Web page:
The National Football League has awarded $1 million to two medical research teams — including one at UC San Diego — to research the impact of cannabis and CBD on pain management and recovery from sports- related injuries, it was announced Tuesday.
UCSD and the University of Regina in Canada were selected among 106 submissions for research proposals executed by the NFL-NFLPA Joint Pain Management Committee, with UCSD’s team to assess the therapeutic potential for cannabis for “relief of post-competition soft-tissue injury pain in elite athletes.”
According to an NFL statement, athletes outside the NFL will use vaporized treatments following game-related injuries, with the outcomes monitored via remote phone apps. Participating athletes will receive treatments of either 4% THC, 12% CBD, a combination of CBD and THC, or a placebo, according to UCSD, which said that while no conclusions can be drawn until the study is completed, investigators believe the THC and THC/CBD combinations will prove to be the superior treatments.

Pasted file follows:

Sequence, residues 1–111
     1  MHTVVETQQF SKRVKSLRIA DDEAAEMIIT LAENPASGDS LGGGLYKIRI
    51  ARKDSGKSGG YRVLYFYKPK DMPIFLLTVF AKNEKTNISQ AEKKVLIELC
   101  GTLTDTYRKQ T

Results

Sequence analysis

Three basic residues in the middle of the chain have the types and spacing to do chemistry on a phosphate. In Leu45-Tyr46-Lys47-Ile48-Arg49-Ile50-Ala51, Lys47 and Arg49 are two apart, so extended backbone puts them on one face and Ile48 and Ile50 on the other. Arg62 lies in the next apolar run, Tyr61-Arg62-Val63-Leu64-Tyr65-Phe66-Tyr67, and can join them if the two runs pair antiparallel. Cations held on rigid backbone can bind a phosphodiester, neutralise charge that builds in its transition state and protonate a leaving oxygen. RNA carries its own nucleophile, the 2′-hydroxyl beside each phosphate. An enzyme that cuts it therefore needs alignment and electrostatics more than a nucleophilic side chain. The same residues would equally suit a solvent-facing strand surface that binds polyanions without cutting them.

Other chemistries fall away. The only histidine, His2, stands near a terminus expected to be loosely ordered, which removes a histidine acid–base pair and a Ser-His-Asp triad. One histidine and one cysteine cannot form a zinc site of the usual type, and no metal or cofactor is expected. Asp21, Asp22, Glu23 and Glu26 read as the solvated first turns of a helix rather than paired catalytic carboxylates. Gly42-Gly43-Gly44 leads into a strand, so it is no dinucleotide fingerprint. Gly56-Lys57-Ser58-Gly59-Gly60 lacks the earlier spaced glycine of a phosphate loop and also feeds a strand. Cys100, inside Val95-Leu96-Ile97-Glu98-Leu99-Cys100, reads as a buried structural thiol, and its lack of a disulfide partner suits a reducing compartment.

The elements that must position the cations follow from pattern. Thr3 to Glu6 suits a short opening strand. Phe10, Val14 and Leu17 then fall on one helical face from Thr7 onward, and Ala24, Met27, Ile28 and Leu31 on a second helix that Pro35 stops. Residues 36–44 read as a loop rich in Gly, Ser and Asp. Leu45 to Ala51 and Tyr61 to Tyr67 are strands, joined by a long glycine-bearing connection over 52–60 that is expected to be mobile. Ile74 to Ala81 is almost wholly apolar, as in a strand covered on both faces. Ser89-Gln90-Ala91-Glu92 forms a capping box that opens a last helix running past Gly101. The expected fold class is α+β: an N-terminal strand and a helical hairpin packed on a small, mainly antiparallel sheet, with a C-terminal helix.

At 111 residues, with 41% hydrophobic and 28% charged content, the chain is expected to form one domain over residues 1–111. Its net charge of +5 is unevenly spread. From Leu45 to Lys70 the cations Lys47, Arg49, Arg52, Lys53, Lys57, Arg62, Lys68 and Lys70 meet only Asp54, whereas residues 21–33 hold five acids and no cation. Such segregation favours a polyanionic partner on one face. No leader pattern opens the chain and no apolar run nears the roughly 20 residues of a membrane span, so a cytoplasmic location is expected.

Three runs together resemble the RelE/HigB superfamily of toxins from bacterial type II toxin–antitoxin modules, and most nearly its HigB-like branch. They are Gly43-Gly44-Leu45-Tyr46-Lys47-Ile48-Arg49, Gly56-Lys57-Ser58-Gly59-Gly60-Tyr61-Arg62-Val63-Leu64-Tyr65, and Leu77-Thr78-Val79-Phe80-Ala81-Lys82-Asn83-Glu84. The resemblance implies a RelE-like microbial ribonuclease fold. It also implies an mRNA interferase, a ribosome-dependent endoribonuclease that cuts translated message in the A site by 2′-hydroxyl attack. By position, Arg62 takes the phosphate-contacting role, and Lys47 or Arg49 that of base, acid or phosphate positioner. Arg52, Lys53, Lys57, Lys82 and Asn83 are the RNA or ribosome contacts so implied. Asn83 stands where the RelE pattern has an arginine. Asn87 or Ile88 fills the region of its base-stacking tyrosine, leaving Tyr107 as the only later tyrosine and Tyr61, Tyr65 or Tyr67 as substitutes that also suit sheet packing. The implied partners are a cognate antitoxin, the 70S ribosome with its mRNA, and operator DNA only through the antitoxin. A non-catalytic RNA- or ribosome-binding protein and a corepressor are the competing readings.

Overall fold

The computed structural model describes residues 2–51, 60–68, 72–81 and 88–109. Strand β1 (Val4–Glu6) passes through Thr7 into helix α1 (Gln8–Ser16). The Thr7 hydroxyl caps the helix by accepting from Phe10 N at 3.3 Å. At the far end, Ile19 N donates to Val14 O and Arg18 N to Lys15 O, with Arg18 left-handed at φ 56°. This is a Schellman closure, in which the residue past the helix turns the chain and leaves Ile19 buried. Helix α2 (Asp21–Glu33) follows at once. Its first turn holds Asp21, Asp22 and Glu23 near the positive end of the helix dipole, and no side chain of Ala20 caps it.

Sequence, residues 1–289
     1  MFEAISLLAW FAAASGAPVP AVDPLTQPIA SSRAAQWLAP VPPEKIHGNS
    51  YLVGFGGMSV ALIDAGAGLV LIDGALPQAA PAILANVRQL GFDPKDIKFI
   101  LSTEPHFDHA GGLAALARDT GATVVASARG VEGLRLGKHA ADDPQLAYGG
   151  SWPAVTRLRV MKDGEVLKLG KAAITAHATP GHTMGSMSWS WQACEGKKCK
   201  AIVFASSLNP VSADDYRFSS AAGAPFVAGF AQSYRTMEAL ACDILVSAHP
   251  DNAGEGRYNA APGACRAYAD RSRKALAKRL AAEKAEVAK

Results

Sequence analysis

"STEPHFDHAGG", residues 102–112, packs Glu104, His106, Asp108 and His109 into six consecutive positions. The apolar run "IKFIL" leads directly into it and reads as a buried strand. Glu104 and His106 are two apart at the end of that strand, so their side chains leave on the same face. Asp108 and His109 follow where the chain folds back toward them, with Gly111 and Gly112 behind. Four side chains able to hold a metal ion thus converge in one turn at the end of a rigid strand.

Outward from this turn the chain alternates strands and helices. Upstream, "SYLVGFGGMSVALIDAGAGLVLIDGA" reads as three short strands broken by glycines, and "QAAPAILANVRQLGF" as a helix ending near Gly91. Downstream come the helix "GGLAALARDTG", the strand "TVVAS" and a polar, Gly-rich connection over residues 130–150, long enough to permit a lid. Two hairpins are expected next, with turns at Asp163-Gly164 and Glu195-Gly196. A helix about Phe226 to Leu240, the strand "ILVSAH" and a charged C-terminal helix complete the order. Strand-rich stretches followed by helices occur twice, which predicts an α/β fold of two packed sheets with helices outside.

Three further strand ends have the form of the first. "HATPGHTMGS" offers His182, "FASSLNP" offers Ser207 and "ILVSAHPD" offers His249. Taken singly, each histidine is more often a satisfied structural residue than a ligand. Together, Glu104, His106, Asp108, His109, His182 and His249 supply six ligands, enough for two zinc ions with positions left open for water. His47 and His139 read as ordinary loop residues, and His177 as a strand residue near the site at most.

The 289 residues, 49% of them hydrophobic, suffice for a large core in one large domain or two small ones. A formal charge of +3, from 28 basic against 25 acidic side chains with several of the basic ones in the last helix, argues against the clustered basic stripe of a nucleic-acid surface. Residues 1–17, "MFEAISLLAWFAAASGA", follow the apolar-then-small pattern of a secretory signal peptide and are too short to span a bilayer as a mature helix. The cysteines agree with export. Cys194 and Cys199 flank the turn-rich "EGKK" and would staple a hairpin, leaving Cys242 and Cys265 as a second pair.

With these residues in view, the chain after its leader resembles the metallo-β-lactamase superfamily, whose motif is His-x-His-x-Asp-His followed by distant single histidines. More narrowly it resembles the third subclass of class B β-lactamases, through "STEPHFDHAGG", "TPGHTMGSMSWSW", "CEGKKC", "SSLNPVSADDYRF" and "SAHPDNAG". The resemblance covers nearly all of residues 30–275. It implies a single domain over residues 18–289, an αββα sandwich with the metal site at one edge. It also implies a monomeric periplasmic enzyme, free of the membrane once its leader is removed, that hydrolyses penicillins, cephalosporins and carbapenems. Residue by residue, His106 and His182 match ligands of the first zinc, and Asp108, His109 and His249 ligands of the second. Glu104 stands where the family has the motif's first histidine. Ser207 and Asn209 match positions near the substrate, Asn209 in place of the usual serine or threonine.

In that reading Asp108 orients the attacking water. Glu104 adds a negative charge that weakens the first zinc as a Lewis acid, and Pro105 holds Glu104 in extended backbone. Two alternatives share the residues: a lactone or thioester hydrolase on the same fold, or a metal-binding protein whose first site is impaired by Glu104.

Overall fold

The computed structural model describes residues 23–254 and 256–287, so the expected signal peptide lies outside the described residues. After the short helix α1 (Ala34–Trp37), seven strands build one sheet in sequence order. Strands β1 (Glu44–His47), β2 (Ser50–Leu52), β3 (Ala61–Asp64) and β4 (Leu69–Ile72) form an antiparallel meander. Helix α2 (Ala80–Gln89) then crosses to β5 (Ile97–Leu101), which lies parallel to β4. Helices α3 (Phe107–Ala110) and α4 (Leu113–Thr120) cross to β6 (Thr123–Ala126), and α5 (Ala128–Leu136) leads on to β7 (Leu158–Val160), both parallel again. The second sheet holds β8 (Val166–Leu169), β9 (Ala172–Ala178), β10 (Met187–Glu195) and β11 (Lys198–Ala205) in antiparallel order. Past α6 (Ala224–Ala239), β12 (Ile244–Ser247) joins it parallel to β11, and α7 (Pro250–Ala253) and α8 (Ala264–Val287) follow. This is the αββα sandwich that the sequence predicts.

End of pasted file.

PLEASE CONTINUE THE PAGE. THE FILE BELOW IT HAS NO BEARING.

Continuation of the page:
“Our team is excited to receive this funding to conduct a systematic, `real-world, real-time’ study with professional athletes, and which should shed further light upon the many anecdotal reports that cannabis is helpful in reducing post-competition pain,” said Dr. Mark Wallace, co-principal investigator and director of the Center for Pain Medicine at UC San Diego Health.
According to a UCSD Health statement, professional rugby players were chosen for the initial trial, which will not only evaluate pain relief and recovery, but also any effects on physical function, sleep, cognition and mood.
“An innovation of this research is using a `real-world model’ of the NFL’s competitive injury burden with a group of elite athletes who experience similar injuries,” said Thomas Marcotte, professor of psychiatry at UCSD School of Medicine. “It’s a first-of-its-kind randomized trial to examine the possible practical efficacy of cannabinoids on post-competition pain.”
— City News Service